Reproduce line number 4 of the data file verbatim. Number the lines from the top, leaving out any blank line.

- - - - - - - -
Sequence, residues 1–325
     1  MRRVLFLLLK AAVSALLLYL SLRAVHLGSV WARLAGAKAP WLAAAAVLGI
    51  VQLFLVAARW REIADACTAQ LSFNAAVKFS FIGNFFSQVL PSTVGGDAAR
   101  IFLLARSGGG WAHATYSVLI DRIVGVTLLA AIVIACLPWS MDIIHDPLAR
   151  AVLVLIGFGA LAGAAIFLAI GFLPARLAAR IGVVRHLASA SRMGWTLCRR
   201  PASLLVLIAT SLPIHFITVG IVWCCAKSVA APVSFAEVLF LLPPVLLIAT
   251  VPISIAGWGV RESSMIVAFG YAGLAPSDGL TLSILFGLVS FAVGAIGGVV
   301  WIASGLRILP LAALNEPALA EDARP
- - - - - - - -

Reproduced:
   101  IFLLARSGGG WAHATYSVLI DRIVGVTLLA AIVIACLPWS MDIIHDPLAR